The president was responding to a woman’s anecdote about a heart specialist who resisted giving her 100-year-old mother a pacemaker. The doctor thought the elderly woman was too old for the device to do much good, but he finally relented.
Interviewer Charlie Gibson asked the president what should happen if money is too tight for such medical procedures. “I don’t want bureaucracies making those decisions, but understand that those decisions are already being made in one way or another,” the president said. “If they’re not being made under Medicare or Medicaid, they’re being made by private insurers.”
Obama then talked about cutting waste from the health-care system, specifically by avoiding procedures that are not proven to improve care. That’s when he made the comment about painkillers over surgery.
This was a gaffe on the president’s part, but he clarified his overarching message later in the interview when he said that “the point is, we want to use science, we want doctors and medical experts to be making decisions that all too often right now are driven by skewed policies, by outdated means of reimbursement, or by insurance companies.”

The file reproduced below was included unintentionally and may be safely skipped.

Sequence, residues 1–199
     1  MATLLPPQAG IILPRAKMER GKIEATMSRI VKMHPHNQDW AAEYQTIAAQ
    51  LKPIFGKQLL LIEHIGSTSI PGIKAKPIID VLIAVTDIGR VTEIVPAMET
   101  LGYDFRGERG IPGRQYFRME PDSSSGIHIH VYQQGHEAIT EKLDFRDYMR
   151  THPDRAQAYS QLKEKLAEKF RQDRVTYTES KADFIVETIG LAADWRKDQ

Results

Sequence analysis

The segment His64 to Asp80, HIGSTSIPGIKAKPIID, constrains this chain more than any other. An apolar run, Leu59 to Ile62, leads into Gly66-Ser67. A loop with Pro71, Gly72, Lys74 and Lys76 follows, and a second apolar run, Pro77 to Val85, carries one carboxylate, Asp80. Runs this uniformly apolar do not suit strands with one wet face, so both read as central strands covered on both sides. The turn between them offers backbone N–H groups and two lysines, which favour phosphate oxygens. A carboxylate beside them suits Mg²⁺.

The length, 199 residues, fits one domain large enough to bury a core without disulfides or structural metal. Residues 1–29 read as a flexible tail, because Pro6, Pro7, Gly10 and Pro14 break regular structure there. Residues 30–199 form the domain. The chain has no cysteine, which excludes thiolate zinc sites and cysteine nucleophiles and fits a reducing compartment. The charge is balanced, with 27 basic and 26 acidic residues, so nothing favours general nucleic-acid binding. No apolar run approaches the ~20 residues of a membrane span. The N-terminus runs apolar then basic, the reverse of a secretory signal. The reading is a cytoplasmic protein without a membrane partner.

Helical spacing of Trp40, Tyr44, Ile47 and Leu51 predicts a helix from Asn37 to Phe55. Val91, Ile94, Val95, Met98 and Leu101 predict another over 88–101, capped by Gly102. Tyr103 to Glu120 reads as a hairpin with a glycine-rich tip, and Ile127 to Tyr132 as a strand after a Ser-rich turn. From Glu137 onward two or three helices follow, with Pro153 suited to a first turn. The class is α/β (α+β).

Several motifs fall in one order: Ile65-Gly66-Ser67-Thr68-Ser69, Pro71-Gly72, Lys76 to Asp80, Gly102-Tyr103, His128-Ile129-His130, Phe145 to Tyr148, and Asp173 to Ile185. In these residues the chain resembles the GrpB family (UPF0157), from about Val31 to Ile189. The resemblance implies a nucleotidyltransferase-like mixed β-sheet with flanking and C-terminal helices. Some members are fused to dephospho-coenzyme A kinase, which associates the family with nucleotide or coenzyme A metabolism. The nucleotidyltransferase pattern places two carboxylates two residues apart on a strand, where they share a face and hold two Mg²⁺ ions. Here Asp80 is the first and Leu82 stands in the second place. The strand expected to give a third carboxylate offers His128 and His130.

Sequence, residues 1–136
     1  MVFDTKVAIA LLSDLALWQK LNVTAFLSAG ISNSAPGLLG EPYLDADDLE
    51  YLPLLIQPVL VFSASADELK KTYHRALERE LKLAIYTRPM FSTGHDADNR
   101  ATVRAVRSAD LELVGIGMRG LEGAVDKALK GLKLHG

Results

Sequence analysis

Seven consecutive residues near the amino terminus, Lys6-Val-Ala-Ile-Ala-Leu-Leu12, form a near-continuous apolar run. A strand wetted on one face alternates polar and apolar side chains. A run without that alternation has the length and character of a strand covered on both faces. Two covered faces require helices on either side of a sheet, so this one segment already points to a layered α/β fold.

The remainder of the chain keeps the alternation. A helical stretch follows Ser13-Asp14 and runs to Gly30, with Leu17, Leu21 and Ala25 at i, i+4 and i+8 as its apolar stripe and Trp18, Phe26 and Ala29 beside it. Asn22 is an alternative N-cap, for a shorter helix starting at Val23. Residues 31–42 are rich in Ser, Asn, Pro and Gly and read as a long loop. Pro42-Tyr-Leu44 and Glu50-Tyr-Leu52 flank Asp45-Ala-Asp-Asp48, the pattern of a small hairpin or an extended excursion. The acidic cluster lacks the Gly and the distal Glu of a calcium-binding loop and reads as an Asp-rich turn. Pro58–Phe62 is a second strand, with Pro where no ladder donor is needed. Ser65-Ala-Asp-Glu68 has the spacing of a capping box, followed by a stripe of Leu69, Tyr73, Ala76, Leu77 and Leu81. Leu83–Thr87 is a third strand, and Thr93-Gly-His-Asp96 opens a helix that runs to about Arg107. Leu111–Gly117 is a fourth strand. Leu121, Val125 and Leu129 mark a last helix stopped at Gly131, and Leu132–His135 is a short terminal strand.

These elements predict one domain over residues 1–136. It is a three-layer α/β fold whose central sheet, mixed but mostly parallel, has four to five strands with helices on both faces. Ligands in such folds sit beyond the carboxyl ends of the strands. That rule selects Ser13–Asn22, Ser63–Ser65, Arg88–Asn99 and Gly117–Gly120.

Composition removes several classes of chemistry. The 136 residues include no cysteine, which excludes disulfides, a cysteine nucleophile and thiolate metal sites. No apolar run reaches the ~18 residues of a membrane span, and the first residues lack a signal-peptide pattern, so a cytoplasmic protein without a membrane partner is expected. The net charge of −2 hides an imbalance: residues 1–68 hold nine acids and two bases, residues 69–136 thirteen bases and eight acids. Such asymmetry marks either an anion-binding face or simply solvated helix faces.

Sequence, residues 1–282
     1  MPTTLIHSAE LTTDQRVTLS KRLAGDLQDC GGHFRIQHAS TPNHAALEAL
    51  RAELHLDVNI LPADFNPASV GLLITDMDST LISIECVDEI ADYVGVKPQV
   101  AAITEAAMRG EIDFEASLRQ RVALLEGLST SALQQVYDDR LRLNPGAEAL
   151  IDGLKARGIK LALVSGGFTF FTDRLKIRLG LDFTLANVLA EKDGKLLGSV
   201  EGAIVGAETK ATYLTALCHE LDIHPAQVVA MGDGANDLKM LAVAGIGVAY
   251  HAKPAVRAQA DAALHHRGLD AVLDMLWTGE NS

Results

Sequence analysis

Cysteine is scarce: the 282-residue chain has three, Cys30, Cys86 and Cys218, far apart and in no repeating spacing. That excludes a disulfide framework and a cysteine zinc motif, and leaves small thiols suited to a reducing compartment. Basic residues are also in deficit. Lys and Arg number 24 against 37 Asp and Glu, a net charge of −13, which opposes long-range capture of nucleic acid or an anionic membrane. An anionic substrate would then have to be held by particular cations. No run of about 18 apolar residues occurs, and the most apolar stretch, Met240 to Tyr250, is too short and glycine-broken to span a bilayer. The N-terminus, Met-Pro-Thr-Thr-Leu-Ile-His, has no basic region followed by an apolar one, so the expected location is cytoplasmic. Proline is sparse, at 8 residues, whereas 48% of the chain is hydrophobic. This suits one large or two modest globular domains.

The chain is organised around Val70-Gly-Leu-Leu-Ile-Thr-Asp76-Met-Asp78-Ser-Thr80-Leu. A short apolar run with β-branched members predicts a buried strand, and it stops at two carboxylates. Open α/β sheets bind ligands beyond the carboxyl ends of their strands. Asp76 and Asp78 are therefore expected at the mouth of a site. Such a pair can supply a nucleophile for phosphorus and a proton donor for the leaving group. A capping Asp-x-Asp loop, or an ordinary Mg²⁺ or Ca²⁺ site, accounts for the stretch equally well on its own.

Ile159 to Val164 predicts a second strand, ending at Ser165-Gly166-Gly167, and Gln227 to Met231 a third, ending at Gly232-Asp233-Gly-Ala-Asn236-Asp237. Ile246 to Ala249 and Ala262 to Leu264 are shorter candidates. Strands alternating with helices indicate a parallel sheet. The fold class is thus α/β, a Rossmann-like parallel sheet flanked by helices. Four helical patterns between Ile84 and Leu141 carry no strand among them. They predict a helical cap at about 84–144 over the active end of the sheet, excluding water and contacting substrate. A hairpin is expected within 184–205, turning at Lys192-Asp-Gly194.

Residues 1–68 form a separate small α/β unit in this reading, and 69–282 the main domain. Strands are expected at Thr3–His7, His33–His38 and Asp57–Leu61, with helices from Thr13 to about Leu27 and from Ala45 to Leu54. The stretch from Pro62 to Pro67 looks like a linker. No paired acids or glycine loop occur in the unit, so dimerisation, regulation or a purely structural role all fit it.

The caretaker daughter said that giving her mother a pacemaker earlier could have saved money for the Medicare system, because her mom, who was still alive at age 105 at the time of the interview, had visited the hospital some 30 times with heart problems before the operation.
Obama acknowledged that experts need to improve the system so that those savings can be realized — sometimes through surgery. “This can cut both ways,” he said.
As for the rationing issue, we covered that in our previous column, but the main points to remember are that “rationing” is in the eye of the beholder, and the Affordable Care Act expressly prohibits the new Medicare payment-advisory panel from making recommendations to “ration health care, raise revenues or Medicare beneficiary premiums.” (See page 409 of the final bill).
Anup Malani, a professor of health law at the University of Chicago who specializes in health economics, said that the panel is less likely to restrict coverage than expand it, as the Department of Health and Human Services recently did by requiring insurance providers to cover the full cost of birth control.
Malani also noted that the medical industry has been rather successful in lobbying Congress to overturn policies aimed at cutting Medicare and Medicaid costs by restricting tests or procedures.